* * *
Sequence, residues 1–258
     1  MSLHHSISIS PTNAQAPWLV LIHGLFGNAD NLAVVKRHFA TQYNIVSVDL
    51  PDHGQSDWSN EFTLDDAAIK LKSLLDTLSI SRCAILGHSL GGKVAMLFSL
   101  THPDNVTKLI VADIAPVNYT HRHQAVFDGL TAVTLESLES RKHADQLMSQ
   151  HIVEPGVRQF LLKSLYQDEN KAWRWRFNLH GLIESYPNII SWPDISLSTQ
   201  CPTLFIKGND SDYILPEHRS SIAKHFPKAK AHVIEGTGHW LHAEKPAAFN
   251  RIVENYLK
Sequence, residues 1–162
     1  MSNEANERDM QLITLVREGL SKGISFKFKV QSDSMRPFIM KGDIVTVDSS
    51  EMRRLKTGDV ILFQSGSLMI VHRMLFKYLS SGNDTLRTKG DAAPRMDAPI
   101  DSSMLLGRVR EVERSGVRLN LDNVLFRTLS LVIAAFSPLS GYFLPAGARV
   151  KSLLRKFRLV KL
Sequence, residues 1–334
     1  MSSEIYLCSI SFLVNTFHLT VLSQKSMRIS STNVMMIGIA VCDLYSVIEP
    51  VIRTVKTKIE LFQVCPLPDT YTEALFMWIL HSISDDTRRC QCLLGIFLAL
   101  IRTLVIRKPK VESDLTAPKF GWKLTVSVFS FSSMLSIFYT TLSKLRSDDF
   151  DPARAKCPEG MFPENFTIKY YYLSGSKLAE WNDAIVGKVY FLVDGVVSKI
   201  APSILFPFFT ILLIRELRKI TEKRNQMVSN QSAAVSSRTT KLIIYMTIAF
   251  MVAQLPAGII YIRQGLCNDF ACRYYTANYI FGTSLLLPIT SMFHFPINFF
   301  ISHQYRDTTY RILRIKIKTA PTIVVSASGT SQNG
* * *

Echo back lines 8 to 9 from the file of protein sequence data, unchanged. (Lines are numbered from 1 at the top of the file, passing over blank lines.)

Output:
Sequence, residues 1–162
     1  MSNEANERDM QLITLVREGL SKGISFKFKV QSDSMRPFIM KGDIVTVDSS